That's "List" as in a series of names or other items and "List" as in an area of combat (especially jousting tournaments). There's been a controversy over the last couple of days over the appearance of a new litmag ranking. See, if you're interested, the Faster Times' Literary Magazine Ranking. If you do go there, you'll see that the creator generously nodded in the direction of my own ranking, which has been around for five years now: the Perpetual Folly Pushcart Prize Ranking. He then goes on to explain his own system for the rankings that follow, which are divided into tiers. (My rankings don't include the slicks, but if I were to go subjective and put those magazines on the list, I'd put Atlantic and probably Playboy up there with New Yorker and Harper's. These are mega-credits, and very desirable.)
Some people, though, aren't thrilled with what Faster Times has done. Scott Garson, for example, explains his "contempt" here. But then Scott also admits he doesn't "love" my ranking either.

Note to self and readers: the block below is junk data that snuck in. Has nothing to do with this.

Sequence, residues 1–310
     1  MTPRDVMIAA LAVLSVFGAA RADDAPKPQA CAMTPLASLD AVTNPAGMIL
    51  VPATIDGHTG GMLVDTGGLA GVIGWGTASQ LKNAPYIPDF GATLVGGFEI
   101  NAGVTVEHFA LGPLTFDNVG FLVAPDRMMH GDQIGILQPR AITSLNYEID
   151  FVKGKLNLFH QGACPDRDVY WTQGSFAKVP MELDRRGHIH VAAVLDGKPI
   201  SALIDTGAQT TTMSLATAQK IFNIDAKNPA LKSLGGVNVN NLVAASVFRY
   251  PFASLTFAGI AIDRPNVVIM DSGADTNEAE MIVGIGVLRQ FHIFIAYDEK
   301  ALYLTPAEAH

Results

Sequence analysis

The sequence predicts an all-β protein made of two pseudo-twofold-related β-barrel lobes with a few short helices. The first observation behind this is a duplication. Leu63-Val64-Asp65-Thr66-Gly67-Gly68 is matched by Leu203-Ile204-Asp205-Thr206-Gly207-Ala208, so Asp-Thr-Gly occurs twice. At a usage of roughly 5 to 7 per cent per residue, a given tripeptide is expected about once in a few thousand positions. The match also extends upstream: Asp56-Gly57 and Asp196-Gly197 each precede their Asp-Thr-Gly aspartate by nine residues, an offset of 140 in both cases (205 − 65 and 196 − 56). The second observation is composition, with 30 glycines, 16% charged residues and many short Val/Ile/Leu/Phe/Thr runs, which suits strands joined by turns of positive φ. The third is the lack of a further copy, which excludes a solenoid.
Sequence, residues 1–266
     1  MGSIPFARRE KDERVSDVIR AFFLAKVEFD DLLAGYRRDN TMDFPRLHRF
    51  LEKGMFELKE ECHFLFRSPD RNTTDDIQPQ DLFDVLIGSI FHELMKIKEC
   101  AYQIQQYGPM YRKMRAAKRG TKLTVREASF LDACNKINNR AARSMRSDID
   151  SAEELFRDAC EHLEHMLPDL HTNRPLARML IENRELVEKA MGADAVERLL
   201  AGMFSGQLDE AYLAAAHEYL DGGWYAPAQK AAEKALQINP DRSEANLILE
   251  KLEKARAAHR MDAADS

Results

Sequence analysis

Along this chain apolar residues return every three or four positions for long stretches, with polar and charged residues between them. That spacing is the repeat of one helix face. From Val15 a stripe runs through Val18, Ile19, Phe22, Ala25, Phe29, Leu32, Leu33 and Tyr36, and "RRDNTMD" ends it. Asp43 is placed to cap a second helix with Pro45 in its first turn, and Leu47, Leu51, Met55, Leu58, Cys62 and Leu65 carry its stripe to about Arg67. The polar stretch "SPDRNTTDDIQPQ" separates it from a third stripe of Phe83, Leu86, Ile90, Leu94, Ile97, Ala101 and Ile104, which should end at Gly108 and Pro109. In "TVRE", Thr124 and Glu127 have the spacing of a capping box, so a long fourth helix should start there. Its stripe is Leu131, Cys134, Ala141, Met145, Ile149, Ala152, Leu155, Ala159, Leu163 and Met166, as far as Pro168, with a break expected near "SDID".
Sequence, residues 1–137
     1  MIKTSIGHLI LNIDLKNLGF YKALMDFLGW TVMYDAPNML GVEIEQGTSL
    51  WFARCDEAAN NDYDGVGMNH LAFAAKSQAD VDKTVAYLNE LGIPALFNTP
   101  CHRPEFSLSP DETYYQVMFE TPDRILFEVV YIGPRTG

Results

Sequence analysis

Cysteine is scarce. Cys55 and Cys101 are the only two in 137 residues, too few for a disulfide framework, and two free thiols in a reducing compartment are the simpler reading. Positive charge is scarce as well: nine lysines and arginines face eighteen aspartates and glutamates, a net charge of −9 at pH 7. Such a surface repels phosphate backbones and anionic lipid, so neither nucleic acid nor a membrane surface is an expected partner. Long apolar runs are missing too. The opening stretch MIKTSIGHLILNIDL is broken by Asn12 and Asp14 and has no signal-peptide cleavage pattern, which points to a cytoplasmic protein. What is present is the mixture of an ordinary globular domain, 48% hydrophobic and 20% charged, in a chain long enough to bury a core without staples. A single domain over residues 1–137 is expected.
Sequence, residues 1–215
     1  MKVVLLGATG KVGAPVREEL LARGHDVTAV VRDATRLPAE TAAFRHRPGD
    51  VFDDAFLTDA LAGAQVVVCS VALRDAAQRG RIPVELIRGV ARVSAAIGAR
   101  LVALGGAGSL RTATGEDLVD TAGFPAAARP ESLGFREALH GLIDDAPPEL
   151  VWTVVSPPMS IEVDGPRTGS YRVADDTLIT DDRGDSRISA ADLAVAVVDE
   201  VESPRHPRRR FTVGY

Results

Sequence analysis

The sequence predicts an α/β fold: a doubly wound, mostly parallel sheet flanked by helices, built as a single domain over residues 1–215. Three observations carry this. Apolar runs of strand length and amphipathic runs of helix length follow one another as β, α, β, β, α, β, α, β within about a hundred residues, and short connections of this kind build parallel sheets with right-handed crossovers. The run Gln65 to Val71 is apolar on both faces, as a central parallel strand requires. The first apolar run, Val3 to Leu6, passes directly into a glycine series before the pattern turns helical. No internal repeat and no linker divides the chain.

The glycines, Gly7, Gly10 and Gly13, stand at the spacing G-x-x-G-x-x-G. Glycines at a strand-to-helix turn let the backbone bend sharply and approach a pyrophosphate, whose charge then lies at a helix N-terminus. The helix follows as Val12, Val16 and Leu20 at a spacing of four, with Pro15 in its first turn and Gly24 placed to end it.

Here's the problem with lists. They're incomplete. My list, for example, only deals with magazines that have won a Pushcart Prize or Special Mention in the last decade. Which means that there are hundreds of magazines not on the list because, for better or worse, Pushcart doesn't capture a lot of online magazines. Hardly any, in fact. So there are some fine online magazines that aren't on my list. It's hard to be sure that a print magazine that has earned one point on my list--and so is tied for last place--is better than an online magazine that hasn't yet been recognized by the Pushcart folks. So my list is far from perfect. It's a tool, that's all. I don't yet have a tool to help me with online magazine submissions -- so far I just submit to the places I like. Probably that's not a bad approach.